A SEARCH for a sustainable and simple crossbreeding system has led a Tasmanian Angus enterprise into becoming the vehicle for a landmark research trial undertaken by Herefords Australia.
Musselroe Beef runs 1800 Angus breeders across three properties totalling 5500ha, after investing in Hereford genetics three years ago to capitalise on hybrid vigour.
The quest by Musselroe Beef managing director Greg Bradfield to quantify the results led to a partnership with Herefords Australia to conduct a black baldy crossbreeding trial, designed to evaluate the traits valued in the whiteface animal by the commercial industry.
Live, carcase and meat eating quality data will be collected on the progeny through the supply chain, from birth to slaughter. Reproductive capacity data will also be collected on the female black baldy progeny.
The project has received 50 percent co-operative funding over an initial three-year period through the Meat & Livestock Australia Donor Company.
The trial is being run on Cape Portland, a 4066ha property in north-east Tasmania owned by Tasmanian Hydro, fringed by a rugged coastline, pristine beaches and conservation areas.
The property, leased by Musselroe Beef, boasts 56 wind turbines generating enough electricity to power 50,000 households.
The trial is a partnership between Musselroe Beef, Herefords Australia, Adelaide University, processor Greenham Tasmania and Meat & Livestock Australia.
Cows and heifers were artificially joined to 11 industry-leading Hereford sires, and four Angus sires as a comparison, last spring.
Herefords Australia chief executive officer John McKew said the project presented an exciting opportunity to generate controlled, accurate data on the commercial value of crossbred beef genetics using Hereford sires over Angus females.
“While most producers never dispute the qualities of the black baldy and its undeniable contribution to profitability, more definitive data analysis on the value of the hybrid vigour effect of this crossbred is considered critical,’’ Mr McKew said.
Musselroe Beef is a family agricultural business founded in 2009, and running 5000 cattle.
Mr Bradfield said the business aimed to produce quality grassfed beef using regenerative agricultural practices.
The integrated operation runs cattle from calving to processing, supplying Greenham’s premium brands, including Cape Grim, to key export markets.
Calves are weaned in March-April and finished to 480-550kg liveweight.
“We wanted a sustainable crossbreeding system which was easy to manage and would give us a good outcome while retaining the F1 female,” Mr Bradfield said.
“It was timely when Herefords Australia contacted us to see if we would be interested in being involved. What we were seeing at weaning time was hybrid vigour coming into play with a more robust, thick-set animal with slightly higher weights.”
“The exciting part of this trial is joining the F1 females to see what benefits there are on the maternal side – typically if we just weigh the carcase, the trial would finish then.”
Set in a 650mm rainfall zone, Cape Portland comprises sandy loam soils supporting native grasses and improved pastures of phalaris, fescue, cocksfoot and sub-clover.
Rainfall and grazing budgets are assessed monthly, and pastures are not grazed below 1000 kilograms of dry matter per hectare.
“We use a grazing pressure index, which is the long-term stocking rate divided by long-term rainfall, to give our current position relative to a benchmark in terms of carrying capacity per 100mm of rainfall,’’ Mr Bradfield said. “We normally achieve 502 DSE days per hectare per 100mm of rain.’’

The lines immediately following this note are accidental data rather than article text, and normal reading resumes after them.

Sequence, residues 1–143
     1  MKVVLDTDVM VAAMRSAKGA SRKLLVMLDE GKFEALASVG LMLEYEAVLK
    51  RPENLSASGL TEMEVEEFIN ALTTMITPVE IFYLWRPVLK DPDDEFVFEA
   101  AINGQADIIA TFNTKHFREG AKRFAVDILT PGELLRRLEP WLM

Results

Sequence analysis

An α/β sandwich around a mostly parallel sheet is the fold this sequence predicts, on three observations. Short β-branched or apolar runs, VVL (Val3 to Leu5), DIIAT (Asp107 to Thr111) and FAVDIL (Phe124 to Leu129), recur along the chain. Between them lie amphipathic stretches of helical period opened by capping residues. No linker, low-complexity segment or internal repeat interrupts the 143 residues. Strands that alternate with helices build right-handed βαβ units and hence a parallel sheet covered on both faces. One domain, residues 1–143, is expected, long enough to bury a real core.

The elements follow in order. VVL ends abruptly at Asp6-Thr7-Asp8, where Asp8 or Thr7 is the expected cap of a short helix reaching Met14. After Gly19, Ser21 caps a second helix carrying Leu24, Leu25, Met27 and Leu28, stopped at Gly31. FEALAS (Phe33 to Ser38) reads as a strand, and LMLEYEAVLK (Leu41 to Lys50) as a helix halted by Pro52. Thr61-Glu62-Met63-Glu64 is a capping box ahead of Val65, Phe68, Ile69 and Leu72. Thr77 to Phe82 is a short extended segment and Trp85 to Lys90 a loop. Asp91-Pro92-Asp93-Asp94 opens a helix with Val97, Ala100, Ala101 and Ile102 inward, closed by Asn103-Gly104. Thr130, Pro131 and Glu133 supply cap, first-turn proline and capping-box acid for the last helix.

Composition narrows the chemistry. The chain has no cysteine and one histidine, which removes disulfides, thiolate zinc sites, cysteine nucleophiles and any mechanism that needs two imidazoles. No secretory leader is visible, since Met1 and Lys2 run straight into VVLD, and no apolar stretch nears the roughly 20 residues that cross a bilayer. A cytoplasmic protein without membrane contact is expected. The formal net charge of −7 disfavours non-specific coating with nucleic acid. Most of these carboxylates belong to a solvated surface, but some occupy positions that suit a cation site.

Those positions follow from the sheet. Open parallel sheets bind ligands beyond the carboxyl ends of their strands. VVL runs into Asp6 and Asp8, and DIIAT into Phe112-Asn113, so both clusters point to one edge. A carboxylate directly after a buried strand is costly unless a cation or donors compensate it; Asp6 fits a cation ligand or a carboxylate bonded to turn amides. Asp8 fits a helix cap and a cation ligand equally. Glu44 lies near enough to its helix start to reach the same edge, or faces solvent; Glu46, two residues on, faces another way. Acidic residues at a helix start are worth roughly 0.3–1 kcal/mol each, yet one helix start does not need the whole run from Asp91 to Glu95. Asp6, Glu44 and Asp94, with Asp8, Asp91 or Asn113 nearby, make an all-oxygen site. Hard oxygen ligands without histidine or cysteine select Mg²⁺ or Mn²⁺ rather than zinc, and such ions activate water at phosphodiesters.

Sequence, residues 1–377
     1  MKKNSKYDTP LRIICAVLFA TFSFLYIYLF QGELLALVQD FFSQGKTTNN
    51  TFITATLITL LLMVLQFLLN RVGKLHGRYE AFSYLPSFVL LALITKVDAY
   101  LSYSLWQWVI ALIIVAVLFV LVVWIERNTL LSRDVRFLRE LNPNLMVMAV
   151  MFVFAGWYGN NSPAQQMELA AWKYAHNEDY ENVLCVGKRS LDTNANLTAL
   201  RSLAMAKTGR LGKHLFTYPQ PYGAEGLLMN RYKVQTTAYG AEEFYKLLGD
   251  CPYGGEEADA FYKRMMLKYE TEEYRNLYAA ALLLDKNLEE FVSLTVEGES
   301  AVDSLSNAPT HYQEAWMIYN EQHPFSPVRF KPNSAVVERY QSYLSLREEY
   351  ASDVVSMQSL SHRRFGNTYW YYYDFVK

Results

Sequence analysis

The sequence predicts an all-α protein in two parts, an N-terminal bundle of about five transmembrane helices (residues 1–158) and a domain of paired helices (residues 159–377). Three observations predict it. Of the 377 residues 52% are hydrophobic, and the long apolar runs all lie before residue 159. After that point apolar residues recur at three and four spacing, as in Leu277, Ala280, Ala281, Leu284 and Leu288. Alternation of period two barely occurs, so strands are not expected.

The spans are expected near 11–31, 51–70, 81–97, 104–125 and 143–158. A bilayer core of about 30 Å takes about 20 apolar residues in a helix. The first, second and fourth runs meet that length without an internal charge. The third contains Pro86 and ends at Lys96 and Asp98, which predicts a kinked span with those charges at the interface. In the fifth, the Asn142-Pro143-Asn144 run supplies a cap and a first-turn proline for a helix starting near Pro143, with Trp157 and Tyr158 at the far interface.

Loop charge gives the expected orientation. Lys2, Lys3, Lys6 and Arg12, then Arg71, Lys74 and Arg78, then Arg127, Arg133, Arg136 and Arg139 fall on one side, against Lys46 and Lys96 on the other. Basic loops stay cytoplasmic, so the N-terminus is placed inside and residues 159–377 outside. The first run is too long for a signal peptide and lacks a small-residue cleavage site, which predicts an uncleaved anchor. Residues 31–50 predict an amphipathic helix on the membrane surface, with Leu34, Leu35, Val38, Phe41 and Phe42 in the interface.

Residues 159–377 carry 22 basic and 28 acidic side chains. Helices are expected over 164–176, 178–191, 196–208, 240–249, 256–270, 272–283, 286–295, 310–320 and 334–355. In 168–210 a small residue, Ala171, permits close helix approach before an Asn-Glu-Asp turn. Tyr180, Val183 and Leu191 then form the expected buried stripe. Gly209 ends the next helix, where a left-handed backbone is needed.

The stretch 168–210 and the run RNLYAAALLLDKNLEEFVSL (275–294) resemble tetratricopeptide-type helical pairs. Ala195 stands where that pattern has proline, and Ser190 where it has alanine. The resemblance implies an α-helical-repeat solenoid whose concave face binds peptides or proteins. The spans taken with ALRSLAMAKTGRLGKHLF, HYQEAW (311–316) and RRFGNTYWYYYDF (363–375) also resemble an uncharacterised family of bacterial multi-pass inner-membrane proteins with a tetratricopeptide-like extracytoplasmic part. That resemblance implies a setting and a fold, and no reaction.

Weaners are cell grazed in mobs of 600 and cows in mobs of 300.
There are a number of strategies in place to manage periods of low rainfall.
The main strategy is to have a backgrounding mob on the farm comprising roughly 20pc of the stocking rate. If rainfall starts to drop, and stocking rate should be lowering, this mob is moved to a second property at Nebowla.
660 maiden, first calf heifers involved
A total of 358 maiden heifers were artificially inseminated to Hereford and Angus sires over two cycles in September-October, followed by 305 first-calf heifers, and pregnancy-scanned in December by Handley AB Breeding Services, Wynyard.
The program produced a 73pc conception rate to the AI and a total conception rate of 81pc with the back-up bulls.
The maidens began calving in June, while the older females are now calving.
At calving, the dam’s identification and the birthweight of the calf will be recorded. Calves will be weaned at seven to eight months, their 200-day weights collected and then finished on improved pastures at Nebowla, while the heifers will remain at Cape Portland.
The steers will be finished to 450-550kg liveweight and processed at Greenham’s Smithton plant in northwest Tasmania.
Professor Wayne Pitchford of University of Adelaide’s School of Animal and Veterinary Science, said black baldy cattle had proven to be highly productive in a range of studies over the past 50 years.
“Given the genetic changes in both breeds, it is worth evaluating them on an ongoing basis,’’ Prof Pitchford said.
“In addition, this trial has been designed to progeny test young bulls with links into other projects. This will help genetically benchmark the trial, and also provide valuable information for the development of genomic selection in both breeds.’’
Prof Pitchford said the trial aimed to measure traits not included on BreedPlan. These include full MSA grading of steers, age at puberty of heifers, and body condition of cows during winter.
“The project is well-designed and is a long-term partnership between a leading producer, breed society and the University,” he said.
“We will look for opportunities to add student projects to the trial and are delighted to be part of such a partnership.’’
Source: Herefords Australia